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The Jewish Defense Organization is a Jewish nationalist organization in the United States. It is militantly rightwing in its stance on Israeli defense and foreign policy issues and in its support for settlers on the West Bank, but its positions on issues in the United States are more nuanced and it has criticized both rightwing and leftwing manifestations of anti-Semitism and racism with equal rhetorical fervor (see [] and [] for attacks on Pat Buchanan and Ramsey, Clark respectively) . It takes no stance on socioeconomic and family values issues, and it has worked with both liberals and conservatives on problems involving bigotry (there is usually a contingent of aging Yippies at its anti-Nazi rallies). Its web site sometimes displays flashes of a hip political wit, as when the home page featured a picture earlier this year of New York Mayor Michael Bloomberg standing beside Lenora Fulani--a close associate of reputed psychotherapy cult leader Fred Newman--with the caption, "Two social therapy patients looking 'thrilled' for the camera". The reference was to the mayor's political alliance with and financial subsidizing of Newman. []
Founded and led by Mordechai Levy, the JDO is a rival offshoot of the Jewish Defense League which was founded by Rabbi Meir Kahane. Its differences with Kahanist groups are partly a result of personality clashes between leaders. The JDO website describes the Kahanist websites as examples of "Racist Kahanism," although the JDO's views on retaining and expanding Israeli settlements in the occupied territories differ little from those of the Kahanists. The JDO does avoid the types of racial slurs characteristic of Kahanist groups, however, and has never advocated mass expulsions of Arabs from Israel or Israeli occupied territories.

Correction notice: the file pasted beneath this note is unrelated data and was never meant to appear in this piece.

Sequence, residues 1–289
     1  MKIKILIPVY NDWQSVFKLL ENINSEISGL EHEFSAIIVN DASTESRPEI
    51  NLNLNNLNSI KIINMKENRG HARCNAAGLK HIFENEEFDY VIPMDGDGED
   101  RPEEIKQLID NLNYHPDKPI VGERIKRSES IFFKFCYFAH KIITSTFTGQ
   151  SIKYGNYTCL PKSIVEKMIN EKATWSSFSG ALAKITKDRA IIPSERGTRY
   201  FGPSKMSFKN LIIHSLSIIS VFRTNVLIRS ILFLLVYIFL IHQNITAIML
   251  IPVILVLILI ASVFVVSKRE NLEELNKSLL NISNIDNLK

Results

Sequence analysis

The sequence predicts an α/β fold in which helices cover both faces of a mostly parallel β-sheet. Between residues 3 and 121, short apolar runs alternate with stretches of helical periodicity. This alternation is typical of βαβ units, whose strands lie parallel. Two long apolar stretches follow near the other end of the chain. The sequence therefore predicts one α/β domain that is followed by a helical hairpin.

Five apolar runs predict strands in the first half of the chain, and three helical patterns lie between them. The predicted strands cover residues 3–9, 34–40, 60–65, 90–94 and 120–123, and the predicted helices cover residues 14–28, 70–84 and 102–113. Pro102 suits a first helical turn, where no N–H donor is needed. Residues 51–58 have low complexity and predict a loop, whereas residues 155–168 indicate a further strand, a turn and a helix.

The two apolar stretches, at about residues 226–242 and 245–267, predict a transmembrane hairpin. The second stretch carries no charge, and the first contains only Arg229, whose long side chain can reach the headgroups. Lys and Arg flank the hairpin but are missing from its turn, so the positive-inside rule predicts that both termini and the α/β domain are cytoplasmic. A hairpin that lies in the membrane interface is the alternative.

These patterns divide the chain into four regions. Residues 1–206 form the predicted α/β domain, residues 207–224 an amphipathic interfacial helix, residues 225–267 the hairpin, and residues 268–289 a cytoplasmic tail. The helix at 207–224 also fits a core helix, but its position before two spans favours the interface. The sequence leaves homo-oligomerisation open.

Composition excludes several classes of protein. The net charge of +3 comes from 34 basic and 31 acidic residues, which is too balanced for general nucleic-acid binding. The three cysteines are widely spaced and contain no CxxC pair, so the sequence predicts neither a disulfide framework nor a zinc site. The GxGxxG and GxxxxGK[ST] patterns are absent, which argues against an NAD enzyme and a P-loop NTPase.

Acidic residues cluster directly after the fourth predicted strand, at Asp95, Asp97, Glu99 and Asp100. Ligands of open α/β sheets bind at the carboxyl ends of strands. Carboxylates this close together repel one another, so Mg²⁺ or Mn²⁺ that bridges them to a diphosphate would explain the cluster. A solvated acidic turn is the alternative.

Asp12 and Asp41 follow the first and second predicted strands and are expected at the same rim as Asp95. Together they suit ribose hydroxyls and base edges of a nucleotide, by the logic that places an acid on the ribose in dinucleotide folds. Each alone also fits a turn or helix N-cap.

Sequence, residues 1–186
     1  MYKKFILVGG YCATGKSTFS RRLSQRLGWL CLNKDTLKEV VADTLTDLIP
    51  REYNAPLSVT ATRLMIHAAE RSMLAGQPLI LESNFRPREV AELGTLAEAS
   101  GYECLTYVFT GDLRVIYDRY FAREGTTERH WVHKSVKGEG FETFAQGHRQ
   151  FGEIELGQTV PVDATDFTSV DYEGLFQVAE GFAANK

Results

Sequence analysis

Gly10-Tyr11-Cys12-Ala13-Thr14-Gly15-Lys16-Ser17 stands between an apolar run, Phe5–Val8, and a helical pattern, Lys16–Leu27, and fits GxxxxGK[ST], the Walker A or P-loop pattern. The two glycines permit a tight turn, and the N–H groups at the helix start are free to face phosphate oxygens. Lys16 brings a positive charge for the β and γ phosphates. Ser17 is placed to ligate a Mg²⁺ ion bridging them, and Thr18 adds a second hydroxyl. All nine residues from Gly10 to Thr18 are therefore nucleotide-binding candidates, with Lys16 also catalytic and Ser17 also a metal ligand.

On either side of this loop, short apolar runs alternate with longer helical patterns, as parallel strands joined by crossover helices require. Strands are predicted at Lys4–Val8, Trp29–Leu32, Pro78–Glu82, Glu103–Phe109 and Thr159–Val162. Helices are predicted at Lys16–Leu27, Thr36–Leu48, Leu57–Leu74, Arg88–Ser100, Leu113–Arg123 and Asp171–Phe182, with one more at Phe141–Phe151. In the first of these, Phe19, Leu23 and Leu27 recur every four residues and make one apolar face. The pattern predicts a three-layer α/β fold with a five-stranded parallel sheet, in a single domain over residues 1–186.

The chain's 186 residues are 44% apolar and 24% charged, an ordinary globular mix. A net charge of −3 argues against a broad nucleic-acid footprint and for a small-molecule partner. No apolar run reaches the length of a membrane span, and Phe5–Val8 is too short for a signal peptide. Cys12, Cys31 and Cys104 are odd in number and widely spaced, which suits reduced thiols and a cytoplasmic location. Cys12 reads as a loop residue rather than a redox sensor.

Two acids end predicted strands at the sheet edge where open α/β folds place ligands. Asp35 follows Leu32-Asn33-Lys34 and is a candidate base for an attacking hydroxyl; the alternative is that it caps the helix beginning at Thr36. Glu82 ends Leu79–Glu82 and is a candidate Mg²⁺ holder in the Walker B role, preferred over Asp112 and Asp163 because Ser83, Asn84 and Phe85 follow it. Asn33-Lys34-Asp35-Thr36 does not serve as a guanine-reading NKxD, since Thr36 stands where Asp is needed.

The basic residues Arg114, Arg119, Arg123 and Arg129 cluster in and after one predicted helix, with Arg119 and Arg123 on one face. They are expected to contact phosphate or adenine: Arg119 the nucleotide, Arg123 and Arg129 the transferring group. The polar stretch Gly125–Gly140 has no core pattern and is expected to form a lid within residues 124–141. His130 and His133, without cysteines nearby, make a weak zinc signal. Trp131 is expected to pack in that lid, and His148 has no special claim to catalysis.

The late Prof. Howard Adelson (1925-2003), a leading Zionist of the Right and a longtime columnist for the Brooklyn-based Jewish Press, often cooperated with the JDO, especially on issues relating to campus anti-Semitism.
They have engaged in violent altercations with Neo-Nazis and Skinheads in Las Vegas and other cities ("Call to Arms Overreach," editorial, Las Vegas Review, March 29, 1989), and have demonstrated without incident against Louis Farrakhan in New York City ([]; also see "Protesting the Million Man March," King's Courier, Brooklyn, NY, Oct. 23, 1995). They often give their demonstrations pseudo-military names such as "Operation Klan Kicker" or "Operation Nazi Kicker." [] [] In 2004, they gained much media attention after holding rallies at an apartment house on Manhattan's Upper West Side where a neo-Nazi activist and aggressive Holocaust denier ran his propaganda operation. (Julie Satow, "Protestors Call for Eviction of Holocaust Revisionist," New York Sun, Oct. 25, 2004.) They have also called for boycotts on occasion, as against a record company that was promoting a rap album containing anti-Semitic lyrics; and have had success in pressuring hotels and other public facilities to cancel meetings sponsored by bigots. (Seamus McGraw, "For Ex-Klansman David Duke No Room Available in Virginia," Forward, Feb. 28, 2003.)
In early 2004, the JDO waged a phone-in campaign to pressure a Florida company to remove billboard messages sponsored by the National Alliance, an organization widely regarded as neo-Nazi (Jacob Ogles, "Neo-Nazis' Billboard to Come Down," Orlando Sentinel, Jan. 15, 2004; see []).